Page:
Marijuana legalization is associated with decreased use of alcohol, nicotine and non-prescription opioids among young adults, according to a new study.
Researchers at the University of Washington analyzed data on substance use trends from 2014 to 2019, finding that people aged 21-25 were less likely to consume the arguably more dangerous drugs post-legalization in the state.
The study, published in the Journal of Adolescent Health last week, looked at “six annual waves of cross-sectional survey data,” analyzing data from 12,694 adults.
“Contrary to concerns about spillover effects, implementation of legalized nonmedical cannabis coincided with decreases in alcohol and cigarette use and pain reliever misuse,” the study abstract said.
“The weakening association of cannabis use with the use of other substances among individuals ages 21–25 requires further research but may suggest increased importance of cannabis-specific prevention and treatment efforts,” it continued.
However, the study found that rates of past-month e-cigarette use did increase among that age group after 2016.
“Real-world data from legalization states disputes longstanding claims that cannabis is some sort of ‘gateway’ substance,” NORML Deputy Director Paul Armentano said in a blog post. “In fact, in many instances, cannabis regulation is associated with the decreased use of other substances, including many prescription medications.”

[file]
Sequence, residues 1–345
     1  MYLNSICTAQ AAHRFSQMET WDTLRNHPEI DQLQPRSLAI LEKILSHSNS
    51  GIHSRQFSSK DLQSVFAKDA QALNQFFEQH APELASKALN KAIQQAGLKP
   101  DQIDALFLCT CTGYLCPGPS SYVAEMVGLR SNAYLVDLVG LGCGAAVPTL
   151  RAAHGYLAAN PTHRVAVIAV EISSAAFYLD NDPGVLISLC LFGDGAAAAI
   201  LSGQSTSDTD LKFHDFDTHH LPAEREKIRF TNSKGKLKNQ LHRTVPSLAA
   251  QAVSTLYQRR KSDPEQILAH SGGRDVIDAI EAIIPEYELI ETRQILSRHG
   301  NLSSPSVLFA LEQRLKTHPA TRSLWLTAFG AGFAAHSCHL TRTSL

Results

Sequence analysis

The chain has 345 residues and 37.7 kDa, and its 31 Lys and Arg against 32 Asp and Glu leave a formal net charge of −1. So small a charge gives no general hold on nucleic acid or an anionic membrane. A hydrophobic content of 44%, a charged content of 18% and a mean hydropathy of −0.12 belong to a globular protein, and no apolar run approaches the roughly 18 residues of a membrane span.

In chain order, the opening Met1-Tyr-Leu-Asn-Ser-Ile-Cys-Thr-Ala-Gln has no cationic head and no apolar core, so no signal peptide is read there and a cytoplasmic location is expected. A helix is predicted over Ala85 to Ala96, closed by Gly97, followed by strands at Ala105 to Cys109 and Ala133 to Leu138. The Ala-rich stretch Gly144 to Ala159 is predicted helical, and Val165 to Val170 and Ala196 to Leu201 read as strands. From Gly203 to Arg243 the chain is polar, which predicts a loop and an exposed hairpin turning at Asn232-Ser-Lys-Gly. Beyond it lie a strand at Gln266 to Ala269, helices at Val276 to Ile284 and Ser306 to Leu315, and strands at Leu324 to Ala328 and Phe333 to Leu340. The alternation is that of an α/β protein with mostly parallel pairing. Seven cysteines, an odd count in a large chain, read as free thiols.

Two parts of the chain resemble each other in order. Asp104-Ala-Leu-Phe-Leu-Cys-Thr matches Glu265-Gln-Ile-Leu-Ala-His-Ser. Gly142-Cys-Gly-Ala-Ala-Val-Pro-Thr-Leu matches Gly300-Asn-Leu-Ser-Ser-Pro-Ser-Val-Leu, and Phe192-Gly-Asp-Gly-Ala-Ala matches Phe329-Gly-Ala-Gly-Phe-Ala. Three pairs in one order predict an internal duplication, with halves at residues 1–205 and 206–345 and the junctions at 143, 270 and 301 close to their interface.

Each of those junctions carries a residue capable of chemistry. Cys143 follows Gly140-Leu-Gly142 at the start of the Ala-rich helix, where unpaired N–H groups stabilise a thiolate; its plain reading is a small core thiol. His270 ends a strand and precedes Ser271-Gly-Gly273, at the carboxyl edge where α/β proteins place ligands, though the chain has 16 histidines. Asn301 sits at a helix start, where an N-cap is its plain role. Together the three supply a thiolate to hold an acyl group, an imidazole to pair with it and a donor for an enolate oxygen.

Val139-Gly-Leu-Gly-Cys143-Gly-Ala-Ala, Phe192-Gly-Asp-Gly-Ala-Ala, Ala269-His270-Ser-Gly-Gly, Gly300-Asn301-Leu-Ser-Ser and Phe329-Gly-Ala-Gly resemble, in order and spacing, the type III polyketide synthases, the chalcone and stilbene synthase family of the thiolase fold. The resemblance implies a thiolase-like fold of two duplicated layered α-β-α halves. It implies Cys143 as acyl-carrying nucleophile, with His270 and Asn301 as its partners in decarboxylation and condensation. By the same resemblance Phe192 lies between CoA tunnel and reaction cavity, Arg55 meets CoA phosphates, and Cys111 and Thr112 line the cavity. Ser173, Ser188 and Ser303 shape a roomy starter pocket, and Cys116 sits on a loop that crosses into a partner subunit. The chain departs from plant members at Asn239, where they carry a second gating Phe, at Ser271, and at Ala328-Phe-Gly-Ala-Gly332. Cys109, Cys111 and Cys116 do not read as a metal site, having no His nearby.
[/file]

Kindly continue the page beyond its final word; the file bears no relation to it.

To that point, another recent study concluded that marijuana legalization is associated with decreased use of prescription drugs for the treatment of conditions such as anxiety, sleep, pain and seizures.
Several previous studies have identified associations with the enactment of medical cannabis legalization at the state level and reduced pharmaceutical prescriptions, but that paper focused on the potential impact of recreational legalization in 10 states plus Washington, D.C.
Last year, a study found that medical marijuana use is associated with significant reductions in dependence on opioids and other prescription drugs, as well as an increase in quality of life.
A meta-study that was published in 2020 also signaled that marijuana shows promise as a treatment option for chronic pain and could serve as an alternative to opioid-based painkillers.
Researchers released a study that year that found cannabis can mitigate symptoms of opioid withdrawal.
In 2019, researchers determined that states with legal marijuana access experience decreases in opioid prescriptions, and a separate study released the previous month showed that daily marijuana consumption is associated with reduced opioid consumption among chronic pain patients.